Fact: We now know that a total lunar eclipse occurs when the Sun, Earth, and Moon line up so that Earth’s shadow covers the entire Moon. Consequently, the normally bright full Moon is shielded from the Sun’s direct rays and seemingly “disappears” (although not as much as a new Moon does).
What Exactly is a “Blood Moon”?
The name “Blood Moon” gathered a lot of attention back in 2014–2015, when there was a “lunar tetrad”—a rare occurrence of four consecutive total lunar eclipses occurring at approximately 6-month intervals. Some organizations attached religious significance to this astronomical event—suggesting that it was a sign of the end times. The term “Blood Moon” was attributed to statements in the Bible.
For example, statements in the Acts of the Apostles 2:20 read, “The sun will be turned into darkness and the moon into blood before the day of the Lord comes, that great and terribly Day.” The Blood Moon is also featured in The Revelation to John in passage 6:12, which states: “when he had opened the sixth seal, there was a violent earthquake and the sun went as black as sackcloth; the moon turned red as blood all over.”
Fact: During a total lunar eclipse, thanks to the partial blocking-out of the Sun’s light by Earth’s shadow, the Moon turns an orange-red color, which results in a reddish glow throughout Earth’s atmosphere. This has been called a “Blood Moon,” although it appears to really be more of a coppery color to many of us.
Do Supermoons Cause Higher Tides and Tsunamis?
Folklore: Tsunamis and higher tides can be caused by the increased gravitational pull of a Supermoon.
Fact: The 2019 total lunar eclipse will occur during a Supermoon—when the Moon is closest to Earth in its orbit. The Moon’s orbit is elliptical, so it’s not unusual for the Moon to periodically come closer or go farther from the Earth. The tides, of course, do rise and fall because of the gravitational forces exerted by the Moon and Sun and the rotation of Earth. And the Supermoon will exert 42 percent more force at its closest point to Earth than it does at its farthest. So, yes, a Supermoon will cause higher tides.
Tsunamis, however, are caused by geological events here on Earth, such as shifting tectonic plates or landslides falling into the ocean. The tidal effect from the Moon won’t induce a tsunami.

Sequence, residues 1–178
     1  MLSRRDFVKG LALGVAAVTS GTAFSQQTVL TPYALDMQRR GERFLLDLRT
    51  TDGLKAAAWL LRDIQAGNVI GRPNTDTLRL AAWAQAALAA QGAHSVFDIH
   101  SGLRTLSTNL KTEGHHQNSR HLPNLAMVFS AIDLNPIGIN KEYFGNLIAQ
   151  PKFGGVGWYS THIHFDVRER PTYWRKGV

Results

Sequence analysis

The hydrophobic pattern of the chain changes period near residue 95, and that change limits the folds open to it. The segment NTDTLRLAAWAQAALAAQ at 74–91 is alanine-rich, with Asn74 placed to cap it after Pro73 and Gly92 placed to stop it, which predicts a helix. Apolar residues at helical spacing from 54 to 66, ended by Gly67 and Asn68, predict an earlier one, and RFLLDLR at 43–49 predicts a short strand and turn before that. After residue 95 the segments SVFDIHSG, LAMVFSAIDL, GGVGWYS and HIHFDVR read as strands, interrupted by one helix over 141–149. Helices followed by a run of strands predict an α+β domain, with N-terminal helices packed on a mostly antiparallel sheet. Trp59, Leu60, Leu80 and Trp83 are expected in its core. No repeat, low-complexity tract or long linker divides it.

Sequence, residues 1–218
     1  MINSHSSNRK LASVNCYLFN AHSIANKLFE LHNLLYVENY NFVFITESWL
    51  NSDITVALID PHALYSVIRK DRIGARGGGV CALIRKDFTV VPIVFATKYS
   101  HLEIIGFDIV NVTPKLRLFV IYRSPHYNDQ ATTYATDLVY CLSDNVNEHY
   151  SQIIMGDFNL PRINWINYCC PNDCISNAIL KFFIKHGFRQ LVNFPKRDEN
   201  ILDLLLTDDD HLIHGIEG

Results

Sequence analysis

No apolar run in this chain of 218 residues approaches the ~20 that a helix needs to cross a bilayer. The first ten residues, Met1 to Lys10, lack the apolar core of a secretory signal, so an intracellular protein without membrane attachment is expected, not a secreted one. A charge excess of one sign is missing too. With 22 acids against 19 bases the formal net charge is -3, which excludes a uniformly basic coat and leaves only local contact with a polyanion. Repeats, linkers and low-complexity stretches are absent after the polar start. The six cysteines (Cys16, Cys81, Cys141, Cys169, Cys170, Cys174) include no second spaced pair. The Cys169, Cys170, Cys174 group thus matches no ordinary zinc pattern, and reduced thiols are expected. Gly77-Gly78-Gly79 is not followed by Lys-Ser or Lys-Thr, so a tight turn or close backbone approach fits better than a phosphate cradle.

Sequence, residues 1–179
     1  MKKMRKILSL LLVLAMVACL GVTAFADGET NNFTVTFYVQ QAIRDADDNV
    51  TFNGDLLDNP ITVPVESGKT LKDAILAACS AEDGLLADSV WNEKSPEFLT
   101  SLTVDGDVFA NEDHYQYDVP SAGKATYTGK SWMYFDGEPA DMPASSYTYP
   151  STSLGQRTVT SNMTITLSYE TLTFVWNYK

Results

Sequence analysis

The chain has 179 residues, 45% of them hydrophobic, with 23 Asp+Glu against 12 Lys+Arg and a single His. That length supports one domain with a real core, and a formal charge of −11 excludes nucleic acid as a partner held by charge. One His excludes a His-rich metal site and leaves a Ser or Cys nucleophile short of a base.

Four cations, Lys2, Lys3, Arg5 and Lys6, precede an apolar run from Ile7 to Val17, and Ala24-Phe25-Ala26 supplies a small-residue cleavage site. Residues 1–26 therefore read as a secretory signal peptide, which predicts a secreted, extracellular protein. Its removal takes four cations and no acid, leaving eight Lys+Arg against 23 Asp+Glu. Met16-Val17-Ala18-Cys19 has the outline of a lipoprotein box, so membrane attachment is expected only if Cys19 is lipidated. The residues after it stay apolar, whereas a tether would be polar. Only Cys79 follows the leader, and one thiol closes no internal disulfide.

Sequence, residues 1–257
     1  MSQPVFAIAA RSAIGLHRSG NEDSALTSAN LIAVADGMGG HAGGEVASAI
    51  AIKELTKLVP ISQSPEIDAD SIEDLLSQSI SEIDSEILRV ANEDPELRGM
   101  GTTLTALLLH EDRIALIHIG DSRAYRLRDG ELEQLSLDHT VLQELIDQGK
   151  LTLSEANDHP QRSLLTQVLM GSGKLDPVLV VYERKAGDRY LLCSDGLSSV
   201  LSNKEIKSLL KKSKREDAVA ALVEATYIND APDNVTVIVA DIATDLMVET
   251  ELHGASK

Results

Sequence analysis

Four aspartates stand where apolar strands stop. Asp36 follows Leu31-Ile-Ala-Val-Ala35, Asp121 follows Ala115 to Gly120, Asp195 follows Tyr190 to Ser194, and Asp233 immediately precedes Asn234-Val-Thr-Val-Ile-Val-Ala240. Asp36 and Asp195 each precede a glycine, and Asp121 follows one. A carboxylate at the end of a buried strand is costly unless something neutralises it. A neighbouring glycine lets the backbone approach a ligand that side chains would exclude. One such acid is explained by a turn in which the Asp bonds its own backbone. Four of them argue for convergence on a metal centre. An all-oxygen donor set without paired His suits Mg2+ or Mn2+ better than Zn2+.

Do Full Moons and Lunar Eclipses Cause Earthquakes?
Folklore: There is a higher chance of an earthquake occurring during a full Moon and a lunar eclipse.
Fact: In a recent study based on data from over 200 earthquakes, the U.S. Geological Survey (USGS) concluded that there’s no apparent correlation between the full Moon and the occurrence of earthquakes. However, a separate study from Japan found that when earthquakes did coincide with the full Moon, the earthquakes tended to be stronger.
This being said, the gravitational effects of the Moon are just so minute compared to the energy needed to move Earth that the probability of a high-magnitude earthquake being caused by any particular phase of the Moon seems very, very small.
Do Lunar Eclipses Affect Human Behavior?
Many people believe that the full Moon affects human behavior and psychology. The Latin name for the Moon—Luna—is the root of modern words like “lunacy,” “lunatic,” and even “loon,” as in “crazy as a loon.”
Some police forces suggest that there is a correlation between violent incidents and full Moons. See our article “Does the Full Moon Make People Crazy?”
Fact: Science says that no, there is no clear statistical evidence of a full Moon affecting human behavior. Yet this belief about the Moon persists. Nurses and hospital staff will often claim that they also see more visits during a full Moon. Sometimes there is no explanation.
My conclusion? Just don’t call me on January 20. With this Super Blood Wolf Moon, I may be in werewolf form!